“The only time we suffer is when we believe a thought that argues with what is. When the mind is perfectly clear, ‘what is’, is what we want.
If you want reality to be different than it is, you might as well try to teach a cat to bark. You can try and try, and in the end the cat will look up at you and say, “Meow”. Wanting reality to be different than it is hopeless. You can spend the rest of your life trying to teach a cat to bark.
And yet if you pay attention, you will notice that you think thoughts like this dozens of times a day. “People should be kinder”. “Children should be well-behaved.” “My neighbours should take better care of their lawn.” “The line at the grocery store should move faster.” “My husband (or wife) should agree with me”. “I should be thinner (or prettier or more successful),” These thoughts are ways of wanting reality to be different than it is. If you think that this sounds depressing, you are right. All the stress that we feel is caused by arguing with what is……
…….what you think should not have happened should have happened. It should have happened because it did, and no thinking in world can change it. This doesn’t mean that you condone it or approve of it. It just means that you can see things without resistance and without confusion of your inner struggle. No one wants their children to get sick, no one wants to be in car accident; but when these things happen, how can it be helpful to mentally argue with them? We know better than to do that, yet we do it, because we don’t know how to stop.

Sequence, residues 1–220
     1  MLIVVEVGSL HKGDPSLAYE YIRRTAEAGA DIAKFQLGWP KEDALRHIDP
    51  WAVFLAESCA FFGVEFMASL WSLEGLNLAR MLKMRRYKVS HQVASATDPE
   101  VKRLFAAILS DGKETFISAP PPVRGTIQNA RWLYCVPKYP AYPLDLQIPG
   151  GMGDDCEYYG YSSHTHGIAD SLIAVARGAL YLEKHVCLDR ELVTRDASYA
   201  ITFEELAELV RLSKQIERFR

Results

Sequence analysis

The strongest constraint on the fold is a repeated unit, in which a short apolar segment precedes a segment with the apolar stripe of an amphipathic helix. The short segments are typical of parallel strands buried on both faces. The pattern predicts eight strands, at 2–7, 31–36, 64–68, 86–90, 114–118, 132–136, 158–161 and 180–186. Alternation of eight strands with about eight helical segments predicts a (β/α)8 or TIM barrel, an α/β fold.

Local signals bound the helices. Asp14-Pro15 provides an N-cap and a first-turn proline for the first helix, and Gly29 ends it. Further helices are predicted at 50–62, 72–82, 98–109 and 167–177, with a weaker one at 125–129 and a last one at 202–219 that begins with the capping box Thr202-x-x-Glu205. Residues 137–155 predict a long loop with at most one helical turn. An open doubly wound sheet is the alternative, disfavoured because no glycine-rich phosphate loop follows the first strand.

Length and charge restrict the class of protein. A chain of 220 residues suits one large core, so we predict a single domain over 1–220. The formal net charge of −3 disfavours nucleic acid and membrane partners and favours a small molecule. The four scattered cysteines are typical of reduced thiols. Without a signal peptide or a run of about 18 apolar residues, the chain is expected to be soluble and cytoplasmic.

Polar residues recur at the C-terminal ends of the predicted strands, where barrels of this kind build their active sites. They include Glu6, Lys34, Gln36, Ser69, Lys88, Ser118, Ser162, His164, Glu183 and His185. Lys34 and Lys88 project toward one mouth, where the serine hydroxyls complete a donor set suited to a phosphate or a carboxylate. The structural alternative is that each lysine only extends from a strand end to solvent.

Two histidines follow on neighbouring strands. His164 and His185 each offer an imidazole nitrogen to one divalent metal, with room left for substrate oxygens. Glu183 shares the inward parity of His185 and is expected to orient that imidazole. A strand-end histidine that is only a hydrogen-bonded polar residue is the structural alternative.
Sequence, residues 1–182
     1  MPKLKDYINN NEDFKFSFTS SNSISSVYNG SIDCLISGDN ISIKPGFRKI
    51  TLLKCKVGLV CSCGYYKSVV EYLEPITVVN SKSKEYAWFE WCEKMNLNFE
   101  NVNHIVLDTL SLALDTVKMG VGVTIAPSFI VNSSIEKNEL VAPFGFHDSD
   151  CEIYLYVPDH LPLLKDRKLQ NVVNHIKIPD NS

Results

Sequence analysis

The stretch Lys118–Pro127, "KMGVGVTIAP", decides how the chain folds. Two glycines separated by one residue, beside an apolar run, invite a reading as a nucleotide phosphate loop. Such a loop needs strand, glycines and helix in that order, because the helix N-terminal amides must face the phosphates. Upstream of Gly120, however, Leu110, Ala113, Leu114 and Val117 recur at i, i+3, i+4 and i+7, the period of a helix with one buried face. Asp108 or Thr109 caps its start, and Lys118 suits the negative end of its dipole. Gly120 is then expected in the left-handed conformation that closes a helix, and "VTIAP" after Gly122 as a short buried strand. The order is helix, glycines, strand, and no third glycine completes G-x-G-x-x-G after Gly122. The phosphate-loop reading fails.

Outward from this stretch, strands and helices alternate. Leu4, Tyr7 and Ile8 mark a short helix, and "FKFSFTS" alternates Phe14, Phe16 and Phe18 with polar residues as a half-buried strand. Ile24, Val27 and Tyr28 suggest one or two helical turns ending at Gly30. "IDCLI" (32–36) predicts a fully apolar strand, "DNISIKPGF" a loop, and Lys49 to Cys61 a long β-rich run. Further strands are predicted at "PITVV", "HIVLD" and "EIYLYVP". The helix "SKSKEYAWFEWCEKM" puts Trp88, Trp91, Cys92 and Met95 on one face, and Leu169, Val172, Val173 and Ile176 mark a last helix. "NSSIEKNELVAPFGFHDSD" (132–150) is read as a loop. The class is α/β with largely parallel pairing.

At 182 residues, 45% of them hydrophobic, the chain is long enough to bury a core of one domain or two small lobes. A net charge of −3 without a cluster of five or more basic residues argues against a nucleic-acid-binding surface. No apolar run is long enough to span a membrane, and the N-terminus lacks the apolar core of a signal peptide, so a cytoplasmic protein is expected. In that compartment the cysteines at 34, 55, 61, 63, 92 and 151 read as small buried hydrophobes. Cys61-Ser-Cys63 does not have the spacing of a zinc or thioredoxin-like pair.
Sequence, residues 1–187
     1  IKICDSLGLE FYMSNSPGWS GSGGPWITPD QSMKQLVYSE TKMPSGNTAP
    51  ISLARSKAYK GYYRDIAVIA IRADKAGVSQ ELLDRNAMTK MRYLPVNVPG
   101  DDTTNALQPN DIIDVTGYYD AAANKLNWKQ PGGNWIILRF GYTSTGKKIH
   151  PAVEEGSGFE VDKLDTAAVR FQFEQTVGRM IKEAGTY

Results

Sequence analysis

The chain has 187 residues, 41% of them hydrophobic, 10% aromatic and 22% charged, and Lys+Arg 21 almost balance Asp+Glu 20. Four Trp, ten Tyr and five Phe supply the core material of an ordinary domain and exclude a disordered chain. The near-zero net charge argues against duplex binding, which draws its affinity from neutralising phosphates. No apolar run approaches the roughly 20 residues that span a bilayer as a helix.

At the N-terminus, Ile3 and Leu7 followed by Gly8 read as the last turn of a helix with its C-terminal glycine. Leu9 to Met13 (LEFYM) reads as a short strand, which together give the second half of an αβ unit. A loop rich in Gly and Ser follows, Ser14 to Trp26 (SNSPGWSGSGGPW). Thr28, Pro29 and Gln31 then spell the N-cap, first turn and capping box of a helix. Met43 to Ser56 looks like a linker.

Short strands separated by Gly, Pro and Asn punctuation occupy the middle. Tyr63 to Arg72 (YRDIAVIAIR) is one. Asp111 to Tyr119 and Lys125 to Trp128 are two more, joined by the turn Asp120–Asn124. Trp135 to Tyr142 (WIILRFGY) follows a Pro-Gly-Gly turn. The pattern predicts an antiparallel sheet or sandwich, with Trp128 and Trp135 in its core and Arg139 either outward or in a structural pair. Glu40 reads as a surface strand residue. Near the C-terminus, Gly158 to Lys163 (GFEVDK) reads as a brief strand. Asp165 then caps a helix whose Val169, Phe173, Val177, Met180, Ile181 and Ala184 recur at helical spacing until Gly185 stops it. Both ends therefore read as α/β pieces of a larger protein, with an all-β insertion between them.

I am a lover of what is, not because I am a spiritual person, but because it hurts when I argue with reality. We can know that reality is good just as it is, because when we argue with it, we experience tension and frustration. We don’t feel natural or balanced. When we stop opposing reality, action becomes simple, fluid, kind and fearless.
…… For me, the word God means “reality”. Reality is God, because it rules. Anything that is out of my control, your control and everyone else’s control – I call that God’s business.
- (Page 1-3) Loving what is by Byron Katie
Byron Katie's Four Questions
Question 1: Is it true?
This question can change your life. Be still and ask yourself if the thought you wrote down is true.
Question 2: Can you absolutely know it's true?
This is another opportunity to open your mind and to go deeper into the unknown, to find the answers that live beneath what we think we know.
Question 3: How do you react—what happens—when you believe that thought?
With this question, you begin to notice internal cause and effect. You can see that when you believe the thought, there is a disturbance that can range from mild discomfort to fear or panic. What do you feel? How do you treat the person (or the situation) you've written about, how do you treat yourself, when you believe that thought? Make a list, and be specific.
Question 4: Who would you be without the thought?
Imagine yourself in the presence of that person (or in that situation), without believing the thought. How would your life be different if you didn't have the ability to even think the stressful thought? How would you feel? Which do you prefer—life with or without the thought? Which feels kinder, more peaceful?
Turn the thought around:
The "turnaround" gives you an opportunity to experience the opposite of what you believe. Once you have found one or more turnarounds to your original statement, you are invited to find at least three specific, genuine examples of how each turnaround is true in your life.
1. Loving what is by Byron Katie.
2. The Work of Byron Katie.